However, I pride myself on keeping an open mind and have gained a new appreciation for this genre through my co-teacher Lauren's love and appreciation of it. We have been teaching together for the past five years so her influence has rubbed off a bit. Lauren is always excited to begin delving into poetry. Slowly, I have come around and if I have not exactly matched her enthusiasm, I have indeed grown to appreciate the possibilities.
Our study begins by immersing the children in poetry through read alouds and modeling. Shel Silverstein's Where the Sidewalk Ends and A Light in the Attic are both excellent resources. His poetry is playful, easily accessible and fun with clever illustrations. After a period of time exposing the students to various styles of poetry they naturally want to give it a go themselves which leads seamlessly into the unit on poetry writing.
We have been encouraging the students to write about things they know a lot about. Yesterday we sat together and threw out ideas for topics from which to draw upon in creating our poetry. The students raised their hands and suggested 'cats', 'food', and 'school'. All very civilized and polite, no excitement, just children doing their best to adhere to the prescribed program. Then someone mentioned Medusa and the shift in energy was palpable. I love when this happens and children are suddenly so engaged with the task at hand. The wheels were turning as they negotiated with one another how best to depict the story they knew so well into a new format.
This new format (ASL poetry) is one that I liken to acrostic poems. Acrostic poems are based on a word or phrase with each letter represented by the first word in the lines of a poem.
Here is an example, an Edgar Allan Poe poem titled simply An Acrostic:
Elizabeth it is in vain you say"
Love not" — thou sayest it in so sweet a way:
In vain those words from thee or L.E.L.
Zantippe's talents had enforced so well:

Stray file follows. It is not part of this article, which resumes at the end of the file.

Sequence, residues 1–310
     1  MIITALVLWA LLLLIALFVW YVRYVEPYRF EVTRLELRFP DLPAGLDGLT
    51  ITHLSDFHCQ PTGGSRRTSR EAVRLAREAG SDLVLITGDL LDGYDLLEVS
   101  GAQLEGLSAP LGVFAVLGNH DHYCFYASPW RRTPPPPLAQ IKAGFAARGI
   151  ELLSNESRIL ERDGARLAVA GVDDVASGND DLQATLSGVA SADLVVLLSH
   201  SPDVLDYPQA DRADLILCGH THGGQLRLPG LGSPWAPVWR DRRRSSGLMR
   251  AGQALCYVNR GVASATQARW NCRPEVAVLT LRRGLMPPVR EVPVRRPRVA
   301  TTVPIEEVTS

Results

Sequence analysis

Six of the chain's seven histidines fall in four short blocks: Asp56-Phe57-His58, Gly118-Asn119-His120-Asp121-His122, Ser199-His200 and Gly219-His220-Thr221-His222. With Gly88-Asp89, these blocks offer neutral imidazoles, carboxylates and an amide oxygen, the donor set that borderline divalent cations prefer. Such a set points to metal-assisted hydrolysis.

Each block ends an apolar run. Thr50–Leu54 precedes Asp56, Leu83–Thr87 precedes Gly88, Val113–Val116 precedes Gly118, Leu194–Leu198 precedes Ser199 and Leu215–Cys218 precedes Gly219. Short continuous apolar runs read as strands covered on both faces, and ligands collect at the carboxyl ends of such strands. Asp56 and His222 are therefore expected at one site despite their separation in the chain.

Ah! if that language from thy heart arise,
Breath it less gently forth — and veil thine eyes.
Endymion, recollect, when Luna tried
To cure his love — was cured of all beside —
His follie — pride — and passion — for he died.
See how it spells out Elizabeth?
Anyway, this idea is adapted for use with ASL poetry. ASL letter and number stories are fascinating to watch but also difficult to comprehend the first time because you are watching not only for the message but also for the numbers and letters being presented. The poet creates a story following a specific structure. For me, this is poetry at its finest. Clever and thoughtful.
Our students used the signed letters to tell of Medusa (M) slithering across the floor (E) as she comes closer and closer (D) to Perseus. Then the focus shifts to Perseus who sees her (U), is shocked, pulls out his sword, cuts her head off (S) and finally holds it up in victory (A).
The sign language alphabet can be spelled out in different handshapes; each one representing a different letter. MEDUSA is printed above and I did this so that those of you who are not familiar with American Sign Language (ASL) can watch out for them in the video below.
After I made this video (in my classroom this morning using our MAC) I realized that the 'tapestry' the children made for Medusa was hanging right behind me. I couldn't have planned it better if I had tried.
I wish that I could show some of the students signing their own poems. We have some good ones; Super A-hole wrote one entitled "Cyclops", the "I Spilled Myself" girl wrote a fantastic poem called "Book" and Blue's Clues boy wrote an ASL number story about Spider-Man. I will include some of their written poetry at a later date (meaning when they write it). I am sure it will be amazing. They always are!